The roots of a healthy social network are like a tree, dense at the middle, and then get thinner as they spread out to other contacts. What we are developing in the dispersed city is a social network that closes tightly around spouses, kids, and parents, with fewer strong roots stretching out. Family is important, but Montgomery points out that “every arborist knows that that a tree with a small root-ball is more likely to fall over when the wind blows.”

No doubt urban planning can and must address this dispersal, but what can the individual person do? We can’t wait for the next municipal planning cycle to fix our happiness. Rather, we need to get out and explore. When we find a gem of an event or initiative, we need to go regularly and mingle with strangers, invest the time that we do have, and invite friends to share our discovery.

Photo by Manal Nasrallah. Playing with art at RMG Fridays.

Photo by Manal Nasrallah.
Playing with art at RMG Fridays.

Erin Elliott, Communications Director at the Station Gallery, captured this phenomenon in action when I asked her to describe the social scene at the Wave. “Wave is an awesome night for us because it brings in totally different parts of our community. We see fans of the musicians, we see neighbours stroll over from the condos across the street, we see our donors, Town councillors, parents of kids at summer camp looking for a night out… a real mix of our community. It’s nice to have cold drink and some amazing food in such a unique atmosphere: you can sit inside a historic building and chat with friends, look at the art, meet our Curator and ask him questions, or you can sit in the open air and just enjoy the tunes. People come for the vibe and to socialize in an environment that’s classy, but totally relaxed and casual at the same time. It’s just hard to find those spaces anymore”.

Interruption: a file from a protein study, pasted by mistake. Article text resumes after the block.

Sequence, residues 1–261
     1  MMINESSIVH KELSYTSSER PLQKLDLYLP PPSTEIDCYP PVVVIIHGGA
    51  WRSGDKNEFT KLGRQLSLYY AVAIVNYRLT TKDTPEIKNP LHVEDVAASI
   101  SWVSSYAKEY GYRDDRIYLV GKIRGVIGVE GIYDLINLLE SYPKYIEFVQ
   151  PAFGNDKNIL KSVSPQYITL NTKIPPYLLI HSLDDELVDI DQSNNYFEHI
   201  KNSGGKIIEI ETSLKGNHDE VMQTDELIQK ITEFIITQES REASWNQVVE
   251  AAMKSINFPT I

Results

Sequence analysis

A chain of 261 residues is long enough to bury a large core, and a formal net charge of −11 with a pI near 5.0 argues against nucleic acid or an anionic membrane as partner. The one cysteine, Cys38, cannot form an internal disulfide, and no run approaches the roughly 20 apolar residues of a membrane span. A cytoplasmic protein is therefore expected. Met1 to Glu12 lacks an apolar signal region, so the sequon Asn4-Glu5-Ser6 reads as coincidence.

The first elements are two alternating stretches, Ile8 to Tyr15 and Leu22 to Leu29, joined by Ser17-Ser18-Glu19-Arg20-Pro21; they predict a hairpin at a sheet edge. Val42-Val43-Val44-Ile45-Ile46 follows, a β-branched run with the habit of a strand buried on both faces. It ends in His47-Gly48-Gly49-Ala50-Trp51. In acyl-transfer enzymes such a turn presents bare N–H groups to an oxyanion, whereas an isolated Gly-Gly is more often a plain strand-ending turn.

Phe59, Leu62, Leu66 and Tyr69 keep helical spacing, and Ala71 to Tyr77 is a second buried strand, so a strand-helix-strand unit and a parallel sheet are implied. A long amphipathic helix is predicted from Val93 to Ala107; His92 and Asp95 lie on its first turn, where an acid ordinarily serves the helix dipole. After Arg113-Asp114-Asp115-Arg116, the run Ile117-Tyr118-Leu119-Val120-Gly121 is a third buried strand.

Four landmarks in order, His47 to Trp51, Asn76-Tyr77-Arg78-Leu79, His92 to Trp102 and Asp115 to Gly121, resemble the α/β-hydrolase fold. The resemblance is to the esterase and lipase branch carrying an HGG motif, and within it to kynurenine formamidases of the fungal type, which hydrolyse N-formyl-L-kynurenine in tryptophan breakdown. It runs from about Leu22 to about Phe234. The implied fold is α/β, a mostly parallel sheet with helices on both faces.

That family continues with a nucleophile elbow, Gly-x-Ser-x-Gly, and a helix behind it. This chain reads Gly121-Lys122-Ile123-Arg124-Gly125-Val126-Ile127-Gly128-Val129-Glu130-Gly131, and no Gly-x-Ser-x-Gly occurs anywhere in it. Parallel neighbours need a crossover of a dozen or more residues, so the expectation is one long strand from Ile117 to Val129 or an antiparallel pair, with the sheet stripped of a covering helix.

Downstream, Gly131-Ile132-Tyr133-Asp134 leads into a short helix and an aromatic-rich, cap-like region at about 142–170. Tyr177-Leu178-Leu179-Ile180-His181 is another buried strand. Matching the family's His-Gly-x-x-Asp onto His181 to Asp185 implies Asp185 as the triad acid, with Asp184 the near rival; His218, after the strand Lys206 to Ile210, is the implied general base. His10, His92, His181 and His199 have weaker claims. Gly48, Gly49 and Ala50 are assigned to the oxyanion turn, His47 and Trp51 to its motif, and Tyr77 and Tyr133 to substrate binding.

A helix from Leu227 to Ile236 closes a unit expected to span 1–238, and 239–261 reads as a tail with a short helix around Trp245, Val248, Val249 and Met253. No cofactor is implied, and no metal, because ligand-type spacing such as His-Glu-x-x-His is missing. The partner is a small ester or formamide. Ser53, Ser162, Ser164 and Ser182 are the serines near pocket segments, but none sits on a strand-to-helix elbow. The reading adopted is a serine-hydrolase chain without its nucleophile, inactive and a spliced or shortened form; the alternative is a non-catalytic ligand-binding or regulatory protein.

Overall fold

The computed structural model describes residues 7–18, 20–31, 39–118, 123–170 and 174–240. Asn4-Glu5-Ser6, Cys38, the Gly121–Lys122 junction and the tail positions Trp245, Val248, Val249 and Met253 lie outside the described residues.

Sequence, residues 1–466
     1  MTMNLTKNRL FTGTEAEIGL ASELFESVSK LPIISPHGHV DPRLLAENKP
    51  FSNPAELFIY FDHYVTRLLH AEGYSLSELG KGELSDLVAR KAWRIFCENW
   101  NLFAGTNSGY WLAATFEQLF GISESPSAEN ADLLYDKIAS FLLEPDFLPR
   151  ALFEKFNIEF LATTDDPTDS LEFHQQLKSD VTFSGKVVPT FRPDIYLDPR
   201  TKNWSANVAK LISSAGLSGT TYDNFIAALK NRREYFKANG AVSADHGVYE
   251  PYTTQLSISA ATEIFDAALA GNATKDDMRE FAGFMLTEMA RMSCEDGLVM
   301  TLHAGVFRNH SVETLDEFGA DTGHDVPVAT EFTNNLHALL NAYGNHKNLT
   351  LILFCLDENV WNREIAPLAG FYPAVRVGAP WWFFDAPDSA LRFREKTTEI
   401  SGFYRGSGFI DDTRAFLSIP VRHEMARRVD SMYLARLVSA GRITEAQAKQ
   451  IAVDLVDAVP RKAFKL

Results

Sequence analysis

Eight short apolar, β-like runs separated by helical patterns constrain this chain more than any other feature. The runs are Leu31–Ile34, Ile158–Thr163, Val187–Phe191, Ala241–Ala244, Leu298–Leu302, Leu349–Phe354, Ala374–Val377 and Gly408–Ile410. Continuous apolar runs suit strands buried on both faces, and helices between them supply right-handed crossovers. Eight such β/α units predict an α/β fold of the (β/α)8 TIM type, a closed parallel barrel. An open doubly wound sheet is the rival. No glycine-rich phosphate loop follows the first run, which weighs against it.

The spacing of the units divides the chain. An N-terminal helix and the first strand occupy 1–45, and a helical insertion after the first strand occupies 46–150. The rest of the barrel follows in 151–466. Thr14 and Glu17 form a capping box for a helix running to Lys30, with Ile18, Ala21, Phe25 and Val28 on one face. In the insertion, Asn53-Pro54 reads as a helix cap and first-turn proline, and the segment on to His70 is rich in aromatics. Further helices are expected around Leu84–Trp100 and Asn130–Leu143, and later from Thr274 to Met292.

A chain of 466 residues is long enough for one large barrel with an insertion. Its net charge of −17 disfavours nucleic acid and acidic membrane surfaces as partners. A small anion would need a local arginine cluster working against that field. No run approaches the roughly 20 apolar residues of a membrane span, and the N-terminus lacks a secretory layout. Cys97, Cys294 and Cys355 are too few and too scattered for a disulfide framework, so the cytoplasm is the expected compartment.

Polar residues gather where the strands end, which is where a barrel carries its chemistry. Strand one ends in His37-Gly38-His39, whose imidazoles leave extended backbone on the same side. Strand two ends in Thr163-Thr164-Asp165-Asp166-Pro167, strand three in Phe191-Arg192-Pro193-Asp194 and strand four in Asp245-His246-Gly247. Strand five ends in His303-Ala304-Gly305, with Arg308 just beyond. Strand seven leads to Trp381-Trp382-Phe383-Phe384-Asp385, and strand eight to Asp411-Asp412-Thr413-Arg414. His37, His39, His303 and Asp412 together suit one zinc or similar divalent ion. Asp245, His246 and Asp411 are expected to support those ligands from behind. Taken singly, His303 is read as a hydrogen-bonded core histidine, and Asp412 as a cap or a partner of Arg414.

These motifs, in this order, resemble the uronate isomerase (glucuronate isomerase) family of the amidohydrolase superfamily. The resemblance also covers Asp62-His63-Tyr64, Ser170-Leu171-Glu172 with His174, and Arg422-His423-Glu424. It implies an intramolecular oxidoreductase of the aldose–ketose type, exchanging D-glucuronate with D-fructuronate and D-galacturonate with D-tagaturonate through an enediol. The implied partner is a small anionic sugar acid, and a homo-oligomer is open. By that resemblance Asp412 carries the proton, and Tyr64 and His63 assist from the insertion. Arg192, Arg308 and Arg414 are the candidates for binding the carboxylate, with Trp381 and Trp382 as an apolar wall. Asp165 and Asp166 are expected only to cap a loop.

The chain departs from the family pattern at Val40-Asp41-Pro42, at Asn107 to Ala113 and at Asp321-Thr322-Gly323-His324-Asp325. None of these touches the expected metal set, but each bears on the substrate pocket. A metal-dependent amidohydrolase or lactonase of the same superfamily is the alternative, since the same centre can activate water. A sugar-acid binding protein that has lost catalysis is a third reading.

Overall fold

Ready to (re)connect with family, friends, and strangers? Here are some more details on my personal faves, plus one exciting new opportunity:

A little chit chat in the Station Gallery ticket hall while the music plays outside. Photo courtesy Station Gallery

A little chit chat in the Station Gallery ticket hall while the music plays outside. Photo courtesy Station Gallery

Thursday, July 24: Wave @ the Station Gallery Patio

Bring a date or a gang of friends to enjoy music from Tim Watson and Heather Luckhart, gourmet nibbles, and cold drinks on the patio next to the boxcar. $10

Friday, August 1: Country Cottage Weekend @ the RMG

This time the RMG Fridays event travels outside of the gallery. Bring a lawn chair and enjoy the summer evening air! RMG is partnering with the Oshawa Public Library to bring local psychedelic country act, Billard Blossom, and melodic singer-songwriter, Sacha. Expect a summer cottage atmosphere complete with face-painting, balloon twisting, canvas tote bag printing and much more! In the event of rain, RMG Fridays will be held indoors. FREE

And one more I’m really excited about . . .

September 19-27: Oshawa Space Invaders

The second year of this arts festival will invade the vacant commercial spaces and parks of Oshawa with visual art, installations, music and other entertainment. It’s free, too. (They need volunteers y’all.)